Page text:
Oh hell no.

The Philippines is abuzz, and ironically, we’re supposed to keep quiet. The recent political brouhaha involves the Republic Act 10175 or the Cybercrime Prevention Act of 2012. Like everything political that happens in our country, a huge storm followed, with the public crying e-Martial Law. And yet, I find myself agreeing with the Anti-Cybercrime Law. Now, now, there’s no need to doubt that it’s me. No one is holding a gun to my head as I type this – I am expressing my own personal thoughts on the matter. 

Perhaps the most controversial aspect of the bill is the libel clause. In a nutshell, netizens will now be liable for what they say online, and may be charged for libel, an act that may get them jailed for up to 12 years. Frankly, I don’t understand why people are making a big deal out of it. Libel exists in the publishing world and now that blogs and social networking sites are becoming legitimate forms of writing, it makes sense that the government should regulate it.

The point of libel is to protect people from unfounded claims that injure a reputation. And at the rate people bully others online, it’s high time we need it. People seem to think that they can just say whatever they want and hide behind the veil of Anonymous, but sometimes, their comments hurt and are completely out of context.

Maybe people are just exaggerating their fears. They seem to think that with the Anti-Cybercrime law, they are no longer allowed to say what they really feel. That they will no longer be able to rant about their insensitive boyfriends and domineering bosses. I don’t know if the elements of online libel will be the same as libel in print, but libel in print must have the following(a) imputation of a discreditable act or condition to another; (b) publication of the imputation; (c) identity of the person defamed; and, (d) existence of malice. I doubt that you will be jailed for simply disagreeing with another’s opinion. If we are to base the libel clause on libel in print, a charge must meet all four elements and must include due process.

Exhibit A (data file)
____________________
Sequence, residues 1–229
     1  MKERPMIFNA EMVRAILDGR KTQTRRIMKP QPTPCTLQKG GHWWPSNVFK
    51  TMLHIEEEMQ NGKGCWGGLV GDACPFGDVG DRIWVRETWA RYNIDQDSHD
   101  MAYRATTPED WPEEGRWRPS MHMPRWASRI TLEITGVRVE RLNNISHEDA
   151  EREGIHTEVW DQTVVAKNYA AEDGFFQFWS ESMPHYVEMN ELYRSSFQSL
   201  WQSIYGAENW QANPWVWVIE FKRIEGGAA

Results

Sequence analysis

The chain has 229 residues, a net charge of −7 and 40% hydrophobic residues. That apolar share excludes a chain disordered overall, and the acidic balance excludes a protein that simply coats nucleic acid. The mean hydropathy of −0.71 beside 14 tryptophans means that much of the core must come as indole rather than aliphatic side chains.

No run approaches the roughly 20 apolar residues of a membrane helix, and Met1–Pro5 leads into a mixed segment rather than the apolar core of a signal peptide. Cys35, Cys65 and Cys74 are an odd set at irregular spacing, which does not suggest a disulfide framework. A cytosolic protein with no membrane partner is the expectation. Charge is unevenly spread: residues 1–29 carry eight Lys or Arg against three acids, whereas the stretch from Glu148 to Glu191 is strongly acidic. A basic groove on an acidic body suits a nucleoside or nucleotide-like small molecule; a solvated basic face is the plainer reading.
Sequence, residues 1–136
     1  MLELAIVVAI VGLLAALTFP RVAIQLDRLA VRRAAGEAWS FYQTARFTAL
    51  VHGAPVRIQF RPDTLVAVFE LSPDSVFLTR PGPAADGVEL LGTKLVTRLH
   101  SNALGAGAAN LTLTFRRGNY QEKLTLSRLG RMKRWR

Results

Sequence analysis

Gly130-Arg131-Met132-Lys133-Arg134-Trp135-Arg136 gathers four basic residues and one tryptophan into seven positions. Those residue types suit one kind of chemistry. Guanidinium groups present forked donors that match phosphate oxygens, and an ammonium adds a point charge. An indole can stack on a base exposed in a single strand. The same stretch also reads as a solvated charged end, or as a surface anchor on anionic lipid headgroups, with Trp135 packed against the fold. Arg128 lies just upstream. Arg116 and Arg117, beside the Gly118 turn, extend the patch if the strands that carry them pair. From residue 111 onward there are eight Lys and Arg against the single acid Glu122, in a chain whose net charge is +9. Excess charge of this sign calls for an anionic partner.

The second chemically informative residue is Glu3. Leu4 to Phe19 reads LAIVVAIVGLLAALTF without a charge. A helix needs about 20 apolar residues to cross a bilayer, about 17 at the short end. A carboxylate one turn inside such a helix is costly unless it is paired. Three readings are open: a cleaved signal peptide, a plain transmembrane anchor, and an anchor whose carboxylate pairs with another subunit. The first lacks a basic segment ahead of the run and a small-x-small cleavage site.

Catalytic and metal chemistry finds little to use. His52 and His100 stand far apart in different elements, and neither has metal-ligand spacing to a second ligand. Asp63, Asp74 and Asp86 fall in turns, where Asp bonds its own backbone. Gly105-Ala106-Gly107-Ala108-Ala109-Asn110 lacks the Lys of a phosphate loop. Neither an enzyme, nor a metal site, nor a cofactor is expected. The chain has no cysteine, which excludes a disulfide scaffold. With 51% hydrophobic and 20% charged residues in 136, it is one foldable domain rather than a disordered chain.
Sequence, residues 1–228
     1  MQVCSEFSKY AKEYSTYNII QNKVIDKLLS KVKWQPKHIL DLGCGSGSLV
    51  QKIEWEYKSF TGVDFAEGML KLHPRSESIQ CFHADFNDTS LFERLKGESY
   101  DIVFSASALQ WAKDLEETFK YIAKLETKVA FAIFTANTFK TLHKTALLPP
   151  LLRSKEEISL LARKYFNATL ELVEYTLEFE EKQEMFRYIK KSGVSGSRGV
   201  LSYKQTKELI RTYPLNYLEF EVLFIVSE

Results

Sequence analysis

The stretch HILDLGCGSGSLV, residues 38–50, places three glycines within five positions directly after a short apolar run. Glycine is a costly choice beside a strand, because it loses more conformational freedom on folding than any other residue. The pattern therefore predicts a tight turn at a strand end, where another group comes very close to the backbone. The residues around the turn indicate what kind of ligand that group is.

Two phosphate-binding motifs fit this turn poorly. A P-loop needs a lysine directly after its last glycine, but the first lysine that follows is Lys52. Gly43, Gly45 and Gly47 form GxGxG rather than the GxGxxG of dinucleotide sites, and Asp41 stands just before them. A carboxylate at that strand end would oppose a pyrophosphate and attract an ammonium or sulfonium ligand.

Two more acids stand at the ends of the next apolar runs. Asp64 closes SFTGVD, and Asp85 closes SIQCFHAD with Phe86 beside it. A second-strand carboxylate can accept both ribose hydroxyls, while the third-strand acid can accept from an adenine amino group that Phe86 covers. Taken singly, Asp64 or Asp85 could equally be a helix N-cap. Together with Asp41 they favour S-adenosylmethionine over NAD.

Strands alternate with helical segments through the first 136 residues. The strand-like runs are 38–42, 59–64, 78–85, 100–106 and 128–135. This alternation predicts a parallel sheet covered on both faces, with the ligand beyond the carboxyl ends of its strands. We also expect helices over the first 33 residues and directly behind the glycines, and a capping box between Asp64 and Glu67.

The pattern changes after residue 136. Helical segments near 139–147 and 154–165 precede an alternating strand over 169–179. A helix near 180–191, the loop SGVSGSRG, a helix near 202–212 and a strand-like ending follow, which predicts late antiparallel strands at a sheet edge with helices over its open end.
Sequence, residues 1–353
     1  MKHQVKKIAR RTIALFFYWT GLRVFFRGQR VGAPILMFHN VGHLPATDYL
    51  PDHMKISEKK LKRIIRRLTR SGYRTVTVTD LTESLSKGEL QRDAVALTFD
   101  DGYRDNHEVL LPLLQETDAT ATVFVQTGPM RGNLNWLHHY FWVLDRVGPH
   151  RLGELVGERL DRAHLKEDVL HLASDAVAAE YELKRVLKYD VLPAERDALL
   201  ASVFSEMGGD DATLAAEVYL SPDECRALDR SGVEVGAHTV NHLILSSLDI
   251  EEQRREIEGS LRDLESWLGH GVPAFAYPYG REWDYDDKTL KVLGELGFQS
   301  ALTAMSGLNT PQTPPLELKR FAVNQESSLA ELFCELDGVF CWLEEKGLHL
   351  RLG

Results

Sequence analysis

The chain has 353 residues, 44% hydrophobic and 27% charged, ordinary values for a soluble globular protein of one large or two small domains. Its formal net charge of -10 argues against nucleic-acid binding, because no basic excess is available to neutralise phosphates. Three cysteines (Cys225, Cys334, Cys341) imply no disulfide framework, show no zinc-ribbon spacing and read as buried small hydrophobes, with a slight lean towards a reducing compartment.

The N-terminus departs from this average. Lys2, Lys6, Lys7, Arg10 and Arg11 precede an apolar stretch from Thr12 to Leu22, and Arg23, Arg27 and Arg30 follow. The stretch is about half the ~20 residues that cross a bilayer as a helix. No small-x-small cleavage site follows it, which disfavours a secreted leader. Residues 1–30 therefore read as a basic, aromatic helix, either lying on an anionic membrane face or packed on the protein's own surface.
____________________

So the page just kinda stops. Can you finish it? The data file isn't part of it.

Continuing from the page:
I’ve been a writer for quite some time, therefore I’m somewhat familiar with the grounds of libel. There’s a way of criticizing someone’s beliefs without hitting below the belt. After all, one mustn’t stray from the issue and call a person ugly because he doesn’t share your beliefs. We should be accountable for what we say, regardless of where we say it. We can’t just call people names and expect to get away with it. We’re looking at you, The Varsitarian. I’m glad that while UST is with you for supporting the RH Bill, they do not tolerate you calling Atenean and Lasallian professors “intellectual pretenders and interlopers.

What people are worried about is the possible abuse of people in power. After all, the people who signed the Cybercrime Bill are those who are regularly ridiculed or talked about online, so there has to be a personal angle to their signatures. It can be scary. By giving them the power to control what we say, it’s easy to connect the bill to an e-Martial Law. There is a fear of excluding due process, much like what happens to other crimes. For reference, please watch Give Up Tomorrow, a powerful documentary about the case of Paco 
Larrañaga and the Chiong sisters. I watched it today after renewing my passport and I was emotionally drained.

Last Thursday, I was at Opus for the launch of Book Below Zero, the country’s first online hotel booking website. I met Bingo, an SEO specialist and he shared his thoughts on the bill. He was more worried about the economic impact of the bill, but that’s because of his line of work. For me, I was more concerned about libel.

Bills aren’t bad, people are. In fact, the clause on libel is just this: “the unlawful or prohibited acts of libel as defined in Article 355 of the Revised Penal Code, as amended, committed through a computer system or any other similar means which may be devised in the future.” And for reference, Article 355 of the Revised Penal Code states that: a
 libel is public and malicious imputation of a crime, or of a vice or defect, real or imaginary, or any act, omission, condition, status, or circumstance tending to cause the dishonor, discredit, or contempt of a natural or juridical person, or to blacken the memory of one who is dead.

As far as I can remember, no one has ever complained about that.

Libel has been around for years but it only affected journalists. However, you don’t see them raising hell. I met one journalist from The Philippine Daily Inquirer who proudly told me that he has received over 30 cases of libel. And Lolit Solis? She must have them for breakfast, lunch, dinner, and during cocktail hour.

So there’s no need to worry. They can barely catch criminals in broad daylight. What more the intricate universe of the world wide web? 

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